Protests begin in Madison
On February 14, 2011, University of Wisconsin-Madison’s Teaching Assistant Association led the “Don’t Break My Heart” demonstration against Gov. Scott Walker’s budget repair bill, kicking off a marathon protest that would launch Wisconsin into the national spotlight.
Labor issues are deeply rooted in Wisconsin’s history. The state emerged as a leader in labor relations when the country’s first Workers’ Compensation law was passed more than a century ago. Wisconsin also became the first to enact unemployment insurance and to provide collective bargaining rights to public employees.
“I have a feeling that Wisconsin’s heritage of granting those kinds of rights to public employees did play a vague role in the protests,” said James Marten, professor and chair of Marquette University’s history department. “The governor and legislature seemed to be turning back history, so to speak.”
UW-Madison student Ben Spoehr joined the parade of 1,000 protestors marching from the Memorial Union to the Capitol and hand-delivered a valentine to Gov. Walker’s office, asking him to not cut funding for the UW System.
“Once we arrived at the Capitol, it kind of took on a life of its own. There was a lot of excitement and a lot of energy,” he said. “Just knowing that we were literally having our voices heard within the Capitol was really empowering.”
Spoehr doesn’t consider himself an avid political protestor, but was inspired to participate to support the state’s future education system. He never anticipated that other, much larger protests would follow.
“The feeling that I got while I was there wasn’t that anyone wanted to start this huge movement. I really think it was an organic outpouring of emotion and concern,” said Spoehr. “The fact that it ended up resonating with so many people and triggering this huge movement speaks to the fact that these are issues a lot of Wisconsinites are concerned with.”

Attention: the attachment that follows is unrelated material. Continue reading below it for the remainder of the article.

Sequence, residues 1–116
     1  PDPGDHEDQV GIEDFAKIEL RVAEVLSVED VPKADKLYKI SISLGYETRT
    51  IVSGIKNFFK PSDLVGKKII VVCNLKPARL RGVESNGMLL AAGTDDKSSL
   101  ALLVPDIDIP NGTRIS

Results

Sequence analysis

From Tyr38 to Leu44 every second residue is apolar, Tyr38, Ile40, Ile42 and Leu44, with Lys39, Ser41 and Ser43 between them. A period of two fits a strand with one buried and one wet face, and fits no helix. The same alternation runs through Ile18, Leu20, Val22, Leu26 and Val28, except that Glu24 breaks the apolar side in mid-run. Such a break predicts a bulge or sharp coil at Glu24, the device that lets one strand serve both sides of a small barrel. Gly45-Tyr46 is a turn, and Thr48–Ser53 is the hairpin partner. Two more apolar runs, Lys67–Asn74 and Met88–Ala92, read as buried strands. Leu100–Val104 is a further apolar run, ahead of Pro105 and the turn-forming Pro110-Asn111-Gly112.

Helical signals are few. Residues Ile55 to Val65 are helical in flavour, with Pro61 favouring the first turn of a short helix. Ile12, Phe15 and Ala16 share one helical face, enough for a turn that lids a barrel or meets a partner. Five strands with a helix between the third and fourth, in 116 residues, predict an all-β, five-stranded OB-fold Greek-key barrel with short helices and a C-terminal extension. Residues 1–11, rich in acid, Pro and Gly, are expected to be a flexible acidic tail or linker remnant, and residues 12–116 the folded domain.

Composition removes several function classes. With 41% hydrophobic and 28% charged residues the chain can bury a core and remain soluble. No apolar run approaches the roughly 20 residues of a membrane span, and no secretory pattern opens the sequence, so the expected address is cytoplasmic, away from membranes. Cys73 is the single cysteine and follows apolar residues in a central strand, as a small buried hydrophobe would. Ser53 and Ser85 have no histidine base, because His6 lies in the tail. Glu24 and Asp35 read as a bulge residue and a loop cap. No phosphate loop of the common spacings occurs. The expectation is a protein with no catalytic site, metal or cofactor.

After a 17-day occupation of the Capitol and subsequent protests on the grounds, the battle over the budget repair bill came to a halt when Governor Walker signed the bill into law on March 11. The protests triggered many recall elections targeting both parties, including the likely recall against Governor Walker, which Marten cites as evidence of the “extraordinary polarization of politics in Wisconsin.”
“I think the awakening and mobilization of people for a cause they believe in is what sticks out to me as one of the most important victories of the protest,” said Spoehr.
February 12, 1969: Governor Warren Knowles calls in 900 members of the Wisconsin National Guard to suppress an ongoing campus strike at the University of Wisconsin led by the Black People’s Alliance. The guardsmen resorted to using tear gas and fixed bayonets to clear the chaotic, but peaceful crowds of protesters. The strike started five days earlier with the central demand that the school create a black studies program, hire more black faculty, and recruit more black students. At the time of the protest, only 500 black students were enrolled at UW-Madison.
February 13, 1904: Several boats become ensnared in ice when Lake Michigan froze over from shore to shore. Passengers aboard the Empire State steamer entertained themselves dancing, singing, playing cards, and even ice skating during the six days they were stranded. Two car ferries were also trapped in attempts to rescue other ships offshore from Manitowoc and Kewaunee.
February 16, 1943: Milwaukee native Mildred Fish-Harnack is guillotined in Berlin for her role in leading the Red Orchestra, a Nazi resistance circle in Germany with her husband, Arvid Harnack, who was executed in December 1942. Mildred was the only American woman executed on Adolf Hitler’s direct orders. Her courageous efforts were commemorated in 1986 with the establishment of Mildred Fish-Harnack day, recognized in Wisconsin on September 16. (Note: Click here to visit TCD’s feature on the recent Wisconsin Public Television documentary on Mildred Fish-Harnack)
February 18, 1933: Over 2,000 dairy farmers block 30 miles of roads around New London, successfully preventing 90,000 pounds from reaching the Borden condensery. The blockade, orchestrated by the Wisconsin Cooperative Milk Pool, was part of a series of strikes and protests to drive up the dwindling prices paid to milk producers. The roads around New London were reportedly “white with milk” after the contents of several milk trucks were dumped after refusing to turn around.